• Coolest Fictional Hotel of the Year: The Continental, from John Wick. You might be tempted to put The Grand Budapest Hotel here, but in reality, The Continental is just way cooler. I mean, it's a hotel that caters exclusively to assassins. Cooler than liquid nitrogen.
  • The Rod Serling Memorial Award: The One I Love. A very Twilight Zone-like movie that will surely get more love in my top 10.
And that just about covers it. We're coming down the homestretch, just the top 10 and Oscar commentary remains. The top 10 will come next week or the week after, depending on if I feel like I can see a few of the movies that I'm missing at this point...
Posted by Mark on February 01, 2015 at 02:31 PM .: Comments (0) | link :.


End of this day's posts

Wednesday, January 28, 2015

Link Dump: Hugo Nomination Edition
Just some links that may prove to be of some use for folks in the Hugo nomination game.
  • 2015 Hugo Sheet of Doom - This is a public Google doc with potential nominees broken out in each category. Some of the nominees are clearly, er, longshots, but at least it's a source where things are categorized by, um, category (so you don't need to figure out a way to hack a Kindle book/story to do a word count or something). It's public, so you can add stuff if you'd like, but play nice (I did my part and added Coherence and The One I Love to the Long Form Dramatic Presentation Category - and you should totally watch and nominate if you like them, because I'm doubting they will get there without a little help).
  • Chaos Horizon - An extremely thorough attempt to predict Hugo and Nebula (novel) nominees. It is basically a value neutral attempt, so there's very little in the way of proselytizing, just lots of collation and correlation, and plenty of analysis. Dude is even starting to predict the 2016 Hugos...
  • Announcing Sad Puppies 3 - Brad Torgerson takes the baton from Larry Correia and is leading the charge this year. It is mildly less combative, but will no doubt raise a lot of hackles when it manages to get something nominated. It does still seem less about "These books are awesome and deserve recognition" and more about "Other people are ideological and we need to fight them" or some such thing. I can't ever seem to get on board with this because it's just too whiny. He's also written a few follow up posts, but has not posted a list yet (and frankly, I would not really recommend wading through the comments). It's worth noting, though, that the folks who bought a supporting membership last year are still eligible to nominate this year, so there's a fair chance that we'll see more Sad Puppy nominees...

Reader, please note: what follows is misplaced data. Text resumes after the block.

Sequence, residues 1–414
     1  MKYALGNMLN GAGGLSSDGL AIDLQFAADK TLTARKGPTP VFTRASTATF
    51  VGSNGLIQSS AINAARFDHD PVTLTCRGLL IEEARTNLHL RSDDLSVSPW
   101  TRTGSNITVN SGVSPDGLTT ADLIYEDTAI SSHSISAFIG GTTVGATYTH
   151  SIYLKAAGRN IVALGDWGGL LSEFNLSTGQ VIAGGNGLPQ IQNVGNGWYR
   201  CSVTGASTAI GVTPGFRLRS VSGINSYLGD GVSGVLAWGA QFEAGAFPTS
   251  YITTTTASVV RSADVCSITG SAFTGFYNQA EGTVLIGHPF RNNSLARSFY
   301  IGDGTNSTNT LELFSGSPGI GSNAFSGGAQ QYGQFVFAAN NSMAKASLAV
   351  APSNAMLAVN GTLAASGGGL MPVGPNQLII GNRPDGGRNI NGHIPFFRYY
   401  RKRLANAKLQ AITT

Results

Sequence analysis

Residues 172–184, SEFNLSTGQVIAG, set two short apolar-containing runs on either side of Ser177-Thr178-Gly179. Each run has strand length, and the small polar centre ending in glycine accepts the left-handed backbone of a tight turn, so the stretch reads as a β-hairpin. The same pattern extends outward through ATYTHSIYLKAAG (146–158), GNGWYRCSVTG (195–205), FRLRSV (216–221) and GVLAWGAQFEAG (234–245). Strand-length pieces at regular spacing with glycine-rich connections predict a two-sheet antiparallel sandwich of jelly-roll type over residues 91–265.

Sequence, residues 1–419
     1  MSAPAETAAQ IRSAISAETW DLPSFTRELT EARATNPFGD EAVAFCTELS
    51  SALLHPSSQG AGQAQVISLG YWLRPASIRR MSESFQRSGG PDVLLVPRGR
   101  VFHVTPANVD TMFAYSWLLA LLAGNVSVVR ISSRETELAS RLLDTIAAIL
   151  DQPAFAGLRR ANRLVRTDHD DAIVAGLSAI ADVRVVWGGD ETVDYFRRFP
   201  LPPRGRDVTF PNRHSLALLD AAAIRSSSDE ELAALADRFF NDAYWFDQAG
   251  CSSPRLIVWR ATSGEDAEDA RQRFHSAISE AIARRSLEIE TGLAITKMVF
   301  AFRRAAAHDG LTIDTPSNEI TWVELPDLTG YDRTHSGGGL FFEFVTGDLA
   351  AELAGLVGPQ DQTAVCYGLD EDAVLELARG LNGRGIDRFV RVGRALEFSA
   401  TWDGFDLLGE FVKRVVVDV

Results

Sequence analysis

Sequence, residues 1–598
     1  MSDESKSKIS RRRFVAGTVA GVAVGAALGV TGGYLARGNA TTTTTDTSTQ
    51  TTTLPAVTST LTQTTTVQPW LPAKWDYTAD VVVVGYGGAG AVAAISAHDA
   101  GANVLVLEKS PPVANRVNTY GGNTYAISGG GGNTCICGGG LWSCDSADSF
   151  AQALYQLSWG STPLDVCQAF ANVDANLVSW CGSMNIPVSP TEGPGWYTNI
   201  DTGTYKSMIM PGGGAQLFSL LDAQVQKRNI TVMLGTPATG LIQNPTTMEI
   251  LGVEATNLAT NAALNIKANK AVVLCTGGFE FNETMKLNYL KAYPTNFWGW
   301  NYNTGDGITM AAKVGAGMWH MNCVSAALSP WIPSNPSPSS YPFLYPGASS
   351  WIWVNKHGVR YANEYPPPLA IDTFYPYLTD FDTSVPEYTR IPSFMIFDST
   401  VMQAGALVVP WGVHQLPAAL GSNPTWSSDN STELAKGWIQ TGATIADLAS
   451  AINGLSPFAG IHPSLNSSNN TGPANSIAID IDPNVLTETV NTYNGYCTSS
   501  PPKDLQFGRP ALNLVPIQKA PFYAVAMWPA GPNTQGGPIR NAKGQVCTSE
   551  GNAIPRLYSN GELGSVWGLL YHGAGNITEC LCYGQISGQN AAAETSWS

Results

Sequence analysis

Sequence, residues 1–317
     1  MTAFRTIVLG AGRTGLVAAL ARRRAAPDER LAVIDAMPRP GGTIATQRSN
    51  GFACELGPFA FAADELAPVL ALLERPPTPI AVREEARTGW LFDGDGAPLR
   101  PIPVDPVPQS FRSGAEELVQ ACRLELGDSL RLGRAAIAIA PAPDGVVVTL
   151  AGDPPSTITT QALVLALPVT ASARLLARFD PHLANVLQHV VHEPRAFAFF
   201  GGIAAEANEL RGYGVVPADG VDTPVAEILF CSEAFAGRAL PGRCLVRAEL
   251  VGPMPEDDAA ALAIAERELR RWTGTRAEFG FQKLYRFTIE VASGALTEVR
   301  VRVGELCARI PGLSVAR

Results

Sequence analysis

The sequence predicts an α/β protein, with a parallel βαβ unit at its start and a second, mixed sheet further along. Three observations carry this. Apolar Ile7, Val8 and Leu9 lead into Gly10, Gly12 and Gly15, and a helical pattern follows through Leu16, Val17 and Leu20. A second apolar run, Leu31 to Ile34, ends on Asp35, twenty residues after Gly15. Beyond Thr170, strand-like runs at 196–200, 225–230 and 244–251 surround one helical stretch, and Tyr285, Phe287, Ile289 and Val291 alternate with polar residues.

That's all for now. I'm sure I'll be posting more about the Hugos as time goes on.
Posted by Mark on January 28, 2015 at 10:28 PM .: Comments (0) | link :.


End of this day's posts

Sunday, January 25, 2015

2014 Kaedrin Movie Award Winners!
The nominations for the 2014 Kaedrin Movie Awards were announced last week. Today, I'll be announcing the winners of said awards. Next week, I'll cover less traditional categories in what we like to call the Arbitrary Awards, and not long after that, I'll post my top 10 of 2014. At some point, those other awards, I think they're called Oscars or something, will happen as well, and we'll probably do our normal predictions and live-tweeting as well. But I digress, let's get back to the important stuff: